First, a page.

One of the issues we have in Toronto Centre specifically is around people with addictions and mental health and how they’re housed. Currently, we have encampments in Allan Gardens — we have to do our best to get these people in temporary or permanent housing.
The city has put out a winter strategy to house people. One of the concerns I have with that is we should have a 12-month strategy, not just a seasonal strategy in place. People die both in winter and summer. We have extreme temperatures here. The city has leased spaces to house people in the Bond Place Hotel and The Esplanade Hotel, but again, those are short-term measures.
We need to build more supportive housing because people who are un-house for more than five years don’t have the skill set to actually remain housed. We need transitional housing, and we need to be supporting the social agencies that can support these people.
What are your thoughts on Bill 23?
I know the City is looking to give Toronto lands to non-profit organizations so they can build affordable housing — and I support that. But one of the concerns I have is with Bill 23. The province has said they want to build more housing, and that was one of the reasons they brought forth the strong mayor powers, so the mayor can actually expedite new housing. But Bill 23, the way it stands, it actually removes a lot of the safeguards in place to keep people housed.
In Toronto Center, for example, if you look at St. James Town, the majority of the housing there is rental and the majority of the properties there are owned by one entity. With the safeguards being removed through Bill 23, the owner can say, ‘the people who have been living there for 20, 30 years can no longer stay.’ They can arbitrarily be removed, and the owner can bring someone in at a market rate or higher. I don’t understand what the province doing. To me, it’s really contradictory and harmful to the city.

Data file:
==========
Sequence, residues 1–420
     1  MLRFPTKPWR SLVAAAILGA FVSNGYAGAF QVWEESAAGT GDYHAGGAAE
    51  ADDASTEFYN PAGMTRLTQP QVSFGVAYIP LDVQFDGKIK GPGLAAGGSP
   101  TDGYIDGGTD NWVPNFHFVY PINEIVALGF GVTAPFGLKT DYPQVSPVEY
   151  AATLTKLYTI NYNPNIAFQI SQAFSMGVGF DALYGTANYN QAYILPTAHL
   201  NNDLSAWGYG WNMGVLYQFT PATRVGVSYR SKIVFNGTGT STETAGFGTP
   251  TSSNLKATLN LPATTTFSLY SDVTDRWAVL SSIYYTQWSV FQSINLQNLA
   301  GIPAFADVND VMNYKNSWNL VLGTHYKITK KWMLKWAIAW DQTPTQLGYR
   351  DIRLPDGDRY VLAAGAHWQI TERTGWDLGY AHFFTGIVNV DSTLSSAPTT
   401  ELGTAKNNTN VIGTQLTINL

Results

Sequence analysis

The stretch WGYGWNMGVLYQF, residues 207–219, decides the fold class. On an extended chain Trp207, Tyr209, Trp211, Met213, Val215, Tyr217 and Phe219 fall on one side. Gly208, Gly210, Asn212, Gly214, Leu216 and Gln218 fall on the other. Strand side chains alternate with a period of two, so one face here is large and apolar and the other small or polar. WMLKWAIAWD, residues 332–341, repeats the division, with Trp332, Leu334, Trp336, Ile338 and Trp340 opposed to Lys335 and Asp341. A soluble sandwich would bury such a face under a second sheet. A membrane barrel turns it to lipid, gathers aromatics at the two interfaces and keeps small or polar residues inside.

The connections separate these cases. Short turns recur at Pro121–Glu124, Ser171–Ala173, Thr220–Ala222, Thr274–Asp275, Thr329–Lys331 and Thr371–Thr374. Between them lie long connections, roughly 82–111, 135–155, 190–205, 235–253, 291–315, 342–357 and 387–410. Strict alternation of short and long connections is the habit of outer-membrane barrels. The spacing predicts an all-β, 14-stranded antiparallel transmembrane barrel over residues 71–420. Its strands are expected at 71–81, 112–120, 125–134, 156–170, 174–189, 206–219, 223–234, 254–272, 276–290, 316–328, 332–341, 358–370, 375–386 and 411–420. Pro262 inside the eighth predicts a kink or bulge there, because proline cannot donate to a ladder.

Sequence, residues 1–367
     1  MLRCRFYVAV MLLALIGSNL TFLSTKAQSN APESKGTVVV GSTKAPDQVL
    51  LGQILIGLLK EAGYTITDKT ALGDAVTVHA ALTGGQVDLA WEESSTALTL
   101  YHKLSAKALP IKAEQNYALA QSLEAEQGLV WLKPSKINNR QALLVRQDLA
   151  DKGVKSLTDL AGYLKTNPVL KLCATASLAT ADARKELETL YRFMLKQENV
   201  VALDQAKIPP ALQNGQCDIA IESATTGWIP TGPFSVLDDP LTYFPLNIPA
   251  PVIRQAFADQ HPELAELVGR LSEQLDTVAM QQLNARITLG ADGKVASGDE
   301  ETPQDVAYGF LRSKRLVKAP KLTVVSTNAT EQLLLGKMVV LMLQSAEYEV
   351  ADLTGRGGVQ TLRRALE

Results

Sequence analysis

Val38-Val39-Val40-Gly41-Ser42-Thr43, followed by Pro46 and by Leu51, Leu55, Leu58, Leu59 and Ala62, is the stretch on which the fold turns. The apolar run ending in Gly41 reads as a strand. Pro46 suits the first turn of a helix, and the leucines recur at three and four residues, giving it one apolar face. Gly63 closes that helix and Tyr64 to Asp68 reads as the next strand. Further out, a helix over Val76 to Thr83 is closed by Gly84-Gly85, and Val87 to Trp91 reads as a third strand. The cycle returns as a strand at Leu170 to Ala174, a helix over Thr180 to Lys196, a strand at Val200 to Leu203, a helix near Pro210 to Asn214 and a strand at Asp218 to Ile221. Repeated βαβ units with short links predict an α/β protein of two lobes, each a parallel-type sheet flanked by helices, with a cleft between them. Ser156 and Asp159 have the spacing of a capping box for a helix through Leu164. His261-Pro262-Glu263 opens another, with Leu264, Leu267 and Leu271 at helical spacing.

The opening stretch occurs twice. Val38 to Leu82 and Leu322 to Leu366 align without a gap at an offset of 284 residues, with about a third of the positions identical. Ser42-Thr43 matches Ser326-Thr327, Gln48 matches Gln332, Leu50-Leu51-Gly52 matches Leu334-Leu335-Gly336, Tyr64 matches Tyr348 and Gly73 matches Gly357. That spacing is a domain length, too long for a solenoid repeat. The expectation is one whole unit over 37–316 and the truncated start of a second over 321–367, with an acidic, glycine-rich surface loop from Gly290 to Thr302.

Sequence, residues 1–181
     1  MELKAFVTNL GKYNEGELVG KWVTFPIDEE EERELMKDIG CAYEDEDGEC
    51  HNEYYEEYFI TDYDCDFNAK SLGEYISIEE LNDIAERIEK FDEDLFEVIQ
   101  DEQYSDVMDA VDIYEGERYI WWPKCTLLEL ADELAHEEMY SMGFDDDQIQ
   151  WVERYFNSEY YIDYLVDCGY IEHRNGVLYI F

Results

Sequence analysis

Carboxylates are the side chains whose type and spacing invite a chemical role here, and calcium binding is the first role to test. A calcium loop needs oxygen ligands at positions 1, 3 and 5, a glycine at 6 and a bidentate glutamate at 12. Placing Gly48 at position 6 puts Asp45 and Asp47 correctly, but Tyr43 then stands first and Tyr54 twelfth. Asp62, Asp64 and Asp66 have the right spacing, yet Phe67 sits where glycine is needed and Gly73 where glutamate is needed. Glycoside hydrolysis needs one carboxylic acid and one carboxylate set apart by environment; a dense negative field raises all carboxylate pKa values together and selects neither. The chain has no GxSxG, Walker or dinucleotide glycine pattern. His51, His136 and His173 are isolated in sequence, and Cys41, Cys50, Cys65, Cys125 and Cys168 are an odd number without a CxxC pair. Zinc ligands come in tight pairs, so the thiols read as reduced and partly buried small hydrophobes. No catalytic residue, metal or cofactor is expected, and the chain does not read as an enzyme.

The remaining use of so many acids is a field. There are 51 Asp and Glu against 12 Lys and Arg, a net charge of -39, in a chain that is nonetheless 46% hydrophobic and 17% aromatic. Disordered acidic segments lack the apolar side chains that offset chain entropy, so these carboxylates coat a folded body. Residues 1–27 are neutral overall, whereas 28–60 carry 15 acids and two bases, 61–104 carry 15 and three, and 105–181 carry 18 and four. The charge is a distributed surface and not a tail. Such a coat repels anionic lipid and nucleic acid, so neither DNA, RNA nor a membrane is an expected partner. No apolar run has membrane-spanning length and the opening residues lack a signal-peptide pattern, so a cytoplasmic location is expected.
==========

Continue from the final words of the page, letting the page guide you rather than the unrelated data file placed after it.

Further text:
And when it comes to reducing and removing development charges — the City uses those funds to actually keep people housed affordably. We lose about $230M if we do not get development charges from developers. This is very concerning to me, my council colleagues, and the mayor himself.
The rental market is rampant in Toronto, and post-secondary students are finding themselves being pushed out. How do you plan to make rental housing more accessible for students?
With TMU, for example, there are opportunities for them to actually build more housing. When I read they had rescinded planned student housing — that just brings me to the point I made earlier about bringing people here and retaining them. People won’t come to Toronto if they don’t have somewhere to live or something affordable. I’m encouraging the university to reconsider that option, to create more housing for students, not less. And if the university were to partner with other agencies or the City, we can keep the cost lower.
That’s important to me. And it’s important to the students within my ward, and quite frankly, across the city. Let’s support our students. For them to succeed in their programs, they have to be able to afford to live here and not be working two or three jobs just to pay their rent. If they’re not focused on their educations, they may not be as successful.
These answers have been edited and condensed for clarity. Cover photo via chrismoise.ca.